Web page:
Carrot seeds, Paris Market 4
Paris market Carrot seeds
The Paris market carrot, Daucus carota subsp. sativus most referred to as tonda di parigi, carrot ‘thumbelina’ or Marche de Paris. The plant belongs to species of D. carota family of apiacea and the genus Daucus. This species portrays similar characteristics with Daucus carnosa roth, daucas brevicaulis Raf, daucus allioni link, daucusdentatus Bertol and many more species of D.carota. The plant is also referred by other names such as wild carrot, Queen Anne’s lace and birds’ nest. The origin of this species can be traced back to the western edge of temperate regions of Europe and South East Asia. However, the plant has since widely distributed across the globe, especially in Australia and parts of North America.
Paris market carrots are a fast-growing plant which thrives well in soil containing more clay but sticky fertile soil. Wild carrot takes up to two years to complete its biotic lifecycle. It propagates between 30 cm and 60cm tall characterised by rough hair covered solid stem. Foliage is feather-like arising from all axes of the stem; they divide themselves to form a triangular shape. The leaves later separate in a pinnate pattern to form thin segments. Flowers are small, white and form a flat clustered shape in a heavy short flower stalk. During seed development, the umbel at the edge develops a congested convex set. The fruits are egg-shaped flattened with thorny spines.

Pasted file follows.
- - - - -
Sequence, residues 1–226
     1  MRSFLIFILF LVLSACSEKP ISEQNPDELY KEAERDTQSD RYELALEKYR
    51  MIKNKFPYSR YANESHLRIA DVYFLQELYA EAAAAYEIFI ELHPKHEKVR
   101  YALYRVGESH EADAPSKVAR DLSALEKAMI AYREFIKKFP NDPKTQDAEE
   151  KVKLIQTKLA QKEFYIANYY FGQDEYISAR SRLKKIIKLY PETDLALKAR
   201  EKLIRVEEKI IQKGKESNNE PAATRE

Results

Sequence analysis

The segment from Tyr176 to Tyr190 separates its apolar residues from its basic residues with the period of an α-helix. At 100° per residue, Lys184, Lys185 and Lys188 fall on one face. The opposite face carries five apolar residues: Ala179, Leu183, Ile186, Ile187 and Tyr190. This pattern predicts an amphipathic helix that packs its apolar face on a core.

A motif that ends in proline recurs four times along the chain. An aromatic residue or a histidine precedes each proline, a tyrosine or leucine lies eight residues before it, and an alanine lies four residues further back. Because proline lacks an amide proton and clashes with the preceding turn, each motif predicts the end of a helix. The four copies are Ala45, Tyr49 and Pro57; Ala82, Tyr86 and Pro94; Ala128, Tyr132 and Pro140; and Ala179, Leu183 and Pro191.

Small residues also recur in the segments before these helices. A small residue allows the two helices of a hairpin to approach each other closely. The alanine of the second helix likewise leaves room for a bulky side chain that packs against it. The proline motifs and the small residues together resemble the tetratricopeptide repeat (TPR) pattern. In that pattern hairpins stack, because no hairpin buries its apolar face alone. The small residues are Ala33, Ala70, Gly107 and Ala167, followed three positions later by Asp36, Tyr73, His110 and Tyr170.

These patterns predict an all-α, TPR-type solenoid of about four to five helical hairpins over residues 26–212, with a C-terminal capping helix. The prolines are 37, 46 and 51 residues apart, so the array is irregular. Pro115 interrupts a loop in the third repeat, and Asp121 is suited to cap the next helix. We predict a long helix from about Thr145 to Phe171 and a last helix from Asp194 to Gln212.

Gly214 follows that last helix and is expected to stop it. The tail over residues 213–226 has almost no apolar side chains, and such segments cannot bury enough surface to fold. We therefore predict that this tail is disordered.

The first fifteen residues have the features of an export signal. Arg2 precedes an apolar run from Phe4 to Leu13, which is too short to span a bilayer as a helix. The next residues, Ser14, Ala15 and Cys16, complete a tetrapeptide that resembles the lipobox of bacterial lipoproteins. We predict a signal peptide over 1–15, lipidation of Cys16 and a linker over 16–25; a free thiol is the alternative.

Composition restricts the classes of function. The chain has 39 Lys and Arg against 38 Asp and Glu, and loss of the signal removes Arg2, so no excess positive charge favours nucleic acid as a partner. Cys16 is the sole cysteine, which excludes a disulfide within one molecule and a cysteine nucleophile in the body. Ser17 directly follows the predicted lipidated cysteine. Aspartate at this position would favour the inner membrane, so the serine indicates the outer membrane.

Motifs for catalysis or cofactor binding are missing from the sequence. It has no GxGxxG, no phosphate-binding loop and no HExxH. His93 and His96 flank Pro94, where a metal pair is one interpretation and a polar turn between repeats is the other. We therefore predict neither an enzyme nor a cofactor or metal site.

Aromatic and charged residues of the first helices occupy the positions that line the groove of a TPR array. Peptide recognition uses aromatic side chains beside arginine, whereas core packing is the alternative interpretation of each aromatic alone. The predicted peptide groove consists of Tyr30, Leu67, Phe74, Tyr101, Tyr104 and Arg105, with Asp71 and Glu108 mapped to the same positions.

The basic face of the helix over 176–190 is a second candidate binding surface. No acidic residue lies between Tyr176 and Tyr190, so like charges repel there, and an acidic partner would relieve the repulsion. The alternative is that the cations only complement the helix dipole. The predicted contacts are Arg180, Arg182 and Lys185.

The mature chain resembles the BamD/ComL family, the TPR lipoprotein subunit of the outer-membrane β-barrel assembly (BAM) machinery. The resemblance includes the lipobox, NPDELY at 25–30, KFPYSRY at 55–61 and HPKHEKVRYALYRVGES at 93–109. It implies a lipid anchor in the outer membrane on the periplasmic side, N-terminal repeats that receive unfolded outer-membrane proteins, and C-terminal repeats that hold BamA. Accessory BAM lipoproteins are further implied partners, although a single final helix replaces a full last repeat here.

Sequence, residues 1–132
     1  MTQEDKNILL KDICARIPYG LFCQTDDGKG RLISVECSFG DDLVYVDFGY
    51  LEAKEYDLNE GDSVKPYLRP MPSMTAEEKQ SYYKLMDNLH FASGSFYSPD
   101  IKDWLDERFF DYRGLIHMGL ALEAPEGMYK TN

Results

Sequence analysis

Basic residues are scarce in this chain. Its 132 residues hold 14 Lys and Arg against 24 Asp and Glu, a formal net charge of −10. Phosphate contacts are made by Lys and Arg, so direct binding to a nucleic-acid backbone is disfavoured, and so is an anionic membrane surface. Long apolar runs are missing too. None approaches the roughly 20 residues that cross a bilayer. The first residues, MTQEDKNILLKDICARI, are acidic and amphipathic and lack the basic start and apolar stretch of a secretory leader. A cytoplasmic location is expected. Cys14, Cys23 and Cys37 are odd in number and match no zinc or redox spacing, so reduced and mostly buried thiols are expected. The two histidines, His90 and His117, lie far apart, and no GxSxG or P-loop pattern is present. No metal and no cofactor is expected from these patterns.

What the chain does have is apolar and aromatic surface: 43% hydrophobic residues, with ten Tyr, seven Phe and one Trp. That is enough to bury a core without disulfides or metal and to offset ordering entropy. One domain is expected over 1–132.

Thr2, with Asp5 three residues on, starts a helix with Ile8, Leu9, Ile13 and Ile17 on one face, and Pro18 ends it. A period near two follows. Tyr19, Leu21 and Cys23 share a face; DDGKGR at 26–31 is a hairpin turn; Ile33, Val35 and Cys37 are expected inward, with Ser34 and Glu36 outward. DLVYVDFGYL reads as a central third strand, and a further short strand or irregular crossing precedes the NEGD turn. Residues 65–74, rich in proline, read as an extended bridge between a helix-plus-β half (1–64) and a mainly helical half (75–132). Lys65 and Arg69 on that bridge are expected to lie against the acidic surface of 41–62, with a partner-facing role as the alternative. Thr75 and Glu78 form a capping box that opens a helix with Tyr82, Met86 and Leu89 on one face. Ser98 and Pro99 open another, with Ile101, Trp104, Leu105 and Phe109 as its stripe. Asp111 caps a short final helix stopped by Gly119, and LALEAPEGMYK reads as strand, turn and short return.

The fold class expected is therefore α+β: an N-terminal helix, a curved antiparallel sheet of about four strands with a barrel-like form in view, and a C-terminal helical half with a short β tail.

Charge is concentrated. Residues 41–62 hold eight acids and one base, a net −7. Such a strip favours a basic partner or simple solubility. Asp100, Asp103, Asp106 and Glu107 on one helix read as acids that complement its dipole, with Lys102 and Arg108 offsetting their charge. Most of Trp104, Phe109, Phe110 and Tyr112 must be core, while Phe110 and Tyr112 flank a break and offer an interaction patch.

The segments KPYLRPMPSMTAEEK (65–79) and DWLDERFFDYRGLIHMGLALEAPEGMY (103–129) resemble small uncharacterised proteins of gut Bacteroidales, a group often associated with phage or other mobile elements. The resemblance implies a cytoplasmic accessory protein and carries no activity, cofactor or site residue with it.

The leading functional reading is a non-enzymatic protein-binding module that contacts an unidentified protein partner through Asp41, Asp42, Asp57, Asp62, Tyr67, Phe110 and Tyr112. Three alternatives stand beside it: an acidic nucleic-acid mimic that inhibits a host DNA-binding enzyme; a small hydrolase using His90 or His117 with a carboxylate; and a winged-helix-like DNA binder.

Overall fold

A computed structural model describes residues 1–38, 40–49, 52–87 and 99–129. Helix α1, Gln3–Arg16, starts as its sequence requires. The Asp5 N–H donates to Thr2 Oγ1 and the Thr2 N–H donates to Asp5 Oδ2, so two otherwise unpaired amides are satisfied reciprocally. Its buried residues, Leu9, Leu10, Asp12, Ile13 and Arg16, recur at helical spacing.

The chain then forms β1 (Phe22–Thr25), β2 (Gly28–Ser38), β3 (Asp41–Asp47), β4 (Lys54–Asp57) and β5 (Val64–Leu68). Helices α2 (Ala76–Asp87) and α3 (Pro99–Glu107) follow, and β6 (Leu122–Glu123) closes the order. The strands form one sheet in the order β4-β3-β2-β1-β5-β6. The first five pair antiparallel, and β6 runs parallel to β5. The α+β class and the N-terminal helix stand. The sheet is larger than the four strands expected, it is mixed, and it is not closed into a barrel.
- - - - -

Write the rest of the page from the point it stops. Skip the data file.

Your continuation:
The variety can be grown in pots; for best results, fertilizers are applied slightly to enrich the root growth. Regularly watering to prevent root cracks and for better harvest is required. Daucas carota is best sown in colder regions in between September to October, and October to May in sub-tropic areas. Particularly, this carrot seed can be mixed with fine river sand before sowing to eradicate seeds thinness. During propagation, the seeds can take up to 18 days to germinate. The roots mature for harvest 9 to 10 weeks after sowing.
Like any other D. carota the roots are edible. During harvest, proper caution should be taken when collecting D.carota due to its similarities to conium maculatum, which causes phytophotoder matitis. Flowers produce a creamy colour often applied as a dyestuff. Due to its contribution to soil health, the plant is used as a companion to other crops. The foliage of daucus carota should be avoided at all costs, especially wet foliage from direct skin contact as it irritates.